After cover testing, eye preference was determined using a procedure developed for exotropic monkeys.14 Each trial began with a central target. The subject was free to acquire it with either eye. After fixation, the central target was replaced with a peripheral target that appeared at a random location for 200 msec. The subject's task was to saccade to the peripheral target with either eye. The next trial began with presentation of a fresh central target. The percentage of trials initiated by fixation with each eye on the central target provided an index of eye preference. It corresponded consistently to the eye identified as dominant by clinical exam. 
Data Analysis
Traces of eye position from individual trials were overlaid and aligned on pupil occlusion by the infrared shutter. Blinks were excised. Mean traces, with their standard deviations, were generated for each eye. The values for mean position and standard deviation were derived over a variable time window (1–4 seconds), starting after the deviated eye reached a steady position. This time window was equal for the deviating and fixating eyes for any given condition, but could vary between conditions (i.e., left versus right exotropia) or subjects. It was tailored so that measurements were made over the maximum time available. The mean exotropia during right versus left eye fixation was compared using the Wilcoxon rank sum test. 
Results
The 37 subjects with intermittent exotropia (16 male, 21 female) who contributed to this study had a median age of 30 (range, 7–65).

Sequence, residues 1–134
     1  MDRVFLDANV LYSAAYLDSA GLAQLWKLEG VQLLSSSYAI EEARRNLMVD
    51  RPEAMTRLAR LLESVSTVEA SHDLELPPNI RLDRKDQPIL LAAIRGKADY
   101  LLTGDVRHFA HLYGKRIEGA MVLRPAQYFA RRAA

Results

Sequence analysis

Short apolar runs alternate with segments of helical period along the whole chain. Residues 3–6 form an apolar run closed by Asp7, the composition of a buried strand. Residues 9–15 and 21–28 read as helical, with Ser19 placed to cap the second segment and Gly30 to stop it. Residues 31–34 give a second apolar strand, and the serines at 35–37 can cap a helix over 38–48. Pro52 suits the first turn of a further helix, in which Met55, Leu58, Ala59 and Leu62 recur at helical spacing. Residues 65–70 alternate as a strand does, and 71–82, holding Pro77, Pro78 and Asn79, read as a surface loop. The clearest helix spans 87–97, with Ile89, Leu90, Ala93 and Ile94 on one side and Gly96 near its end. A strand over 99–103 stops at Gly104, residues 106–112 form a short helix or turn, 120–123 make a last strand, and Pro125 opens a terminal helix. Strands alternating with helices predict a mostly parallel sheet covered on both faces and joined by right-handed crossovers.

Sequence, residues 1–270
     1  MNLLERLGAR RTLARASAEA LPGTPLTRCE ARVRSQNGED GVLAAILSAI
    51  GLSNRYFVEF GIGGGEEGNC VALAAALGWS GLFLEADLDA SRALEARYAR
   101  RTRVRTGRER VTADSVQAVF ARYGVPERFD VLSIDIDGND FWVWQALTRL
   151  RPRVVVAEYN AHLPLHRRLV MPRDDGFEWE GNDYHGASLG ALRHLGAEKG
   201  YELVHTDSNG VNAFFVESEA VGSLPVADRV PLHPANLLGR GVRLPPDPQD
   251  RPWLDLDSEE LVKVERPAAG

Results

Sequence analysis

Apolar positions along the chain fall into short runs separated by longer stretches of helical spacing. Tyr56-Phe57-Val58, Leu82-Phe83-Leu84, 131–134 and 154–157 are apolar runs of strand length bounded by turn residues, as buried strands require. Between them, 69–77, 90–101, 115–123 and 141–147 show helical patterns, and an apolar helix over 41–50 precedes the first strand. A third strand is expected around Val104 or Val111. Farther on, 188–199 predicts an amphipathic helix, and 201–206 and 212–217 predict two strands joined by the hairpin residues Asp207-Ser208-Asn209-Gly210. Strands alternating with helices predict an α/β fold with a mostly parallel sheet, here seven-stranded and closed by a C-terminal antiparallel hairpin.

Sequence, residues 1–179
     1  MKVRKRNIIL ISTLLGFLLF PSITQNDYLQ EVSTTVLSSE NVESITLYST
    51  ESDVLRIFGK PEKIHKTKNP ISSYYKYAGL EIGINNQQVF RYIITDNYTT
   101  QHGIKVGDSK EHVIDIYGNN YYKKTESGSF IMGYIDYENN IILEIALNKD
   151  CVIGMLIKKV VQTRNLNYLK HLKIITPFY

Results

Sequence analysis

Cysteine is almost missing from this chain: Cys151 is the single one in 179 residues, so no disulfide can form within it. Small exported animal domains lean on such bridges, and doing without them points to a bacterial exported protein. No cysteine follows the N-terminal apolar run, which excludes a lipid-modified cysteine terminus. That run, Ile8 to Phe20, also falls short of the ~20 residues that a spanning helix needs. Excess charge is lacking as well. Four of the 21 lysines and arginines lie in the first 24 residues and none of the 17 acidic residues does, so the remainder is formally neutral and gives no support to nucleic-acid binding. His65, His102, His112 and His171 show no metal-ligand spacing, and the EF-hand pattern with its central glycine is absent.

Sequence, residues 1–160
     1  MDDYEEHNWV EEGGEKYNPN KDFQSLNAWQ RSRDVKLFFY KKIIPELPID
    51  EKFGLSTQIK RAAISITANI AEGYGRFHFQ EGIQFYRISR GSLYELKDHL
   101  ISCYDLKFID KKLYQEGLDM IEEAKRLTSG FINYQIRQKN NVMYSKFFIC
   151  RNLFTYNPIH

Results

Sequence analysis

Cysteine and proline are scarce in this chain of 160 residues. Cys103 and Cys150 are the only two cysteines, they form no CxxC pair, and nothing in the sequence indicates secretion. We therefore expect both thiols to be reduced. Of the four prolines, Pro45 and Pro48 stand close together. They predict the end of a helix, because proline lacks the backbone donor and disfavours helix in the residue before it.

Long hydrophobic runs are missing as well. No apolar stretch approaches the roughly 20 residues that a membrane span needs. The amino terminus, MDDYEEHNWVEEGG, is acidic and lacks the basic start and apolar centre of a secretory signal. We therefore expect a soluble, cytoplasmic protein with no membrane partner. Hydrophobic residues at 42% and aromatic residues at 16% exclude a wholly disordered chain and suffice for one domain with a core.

Incomitance in Intermittent Exotropia
Figure 2 shows eye movement recordings from an 11-year-old girl with intermittent exotropia who had an incomitance of 4.6°. When deviated, she could alternate fixation on visual targets, but spontaneous exotropia occurred only in the left eye. On cover testing her left exotropia was 25.5° (Fig. 2A). Her right exotropia was larger, measuring 30.1° (Fig. 2B). The variability in position of the deviated eye also differed, for left versus right. The position of the exotropic left eye had a standard deviation of 3.4°, whereas that of the exotropic right eye was only 1.7°. 
Figure 2
 
Incomitance in exotropia. Recordings from an 11-year-old girl with a right eye fixation preference and a refraction of: −2.25 + 2.50 × 98 (right eye) and −4.25 + 3.75 × 80 (left eye). At t = 0 seconds, a shutter covered either eye, causing it to move outwards. Mean position is shown for the right (red) and left (blue) eye, with shading denoting standard deviation. Positive values represent right gaze. n = number of trials. (A) Shutter occlusion of the left eye produced an exotropia of 25.5° (|−24.9° – 0.6°|). The fixating right eye's mean position deviates from 0° by less than tracking error. (B) Shutter occlusion of the right eye produced a deviation of 30.1°.
Figure 2
 
Incomitance in exotropia. Recordings from an 11-year-old girl with a right eye fixation preference and a refraction of: −2.25 + 2.50 × 98 (right eye) and −4.25 + 3.75 × 80 (left eye). At t = 0 seconds, a shutter covered either eye, causing it to move outwards. Mean position is shown for the right (red) and left (blue) eye, with shading denoting standard deviation. Positive values represent right gaze. n = number of trials. (A) Shutter occlusion of the left eye produced an exotropia of 25.5° (|−24.9° – 0.6°|). The fixating right eye's mean position deviates from 0° by less than tracking error. (B) Shutter occlusion of the right eye produced a deviation of 30.1°.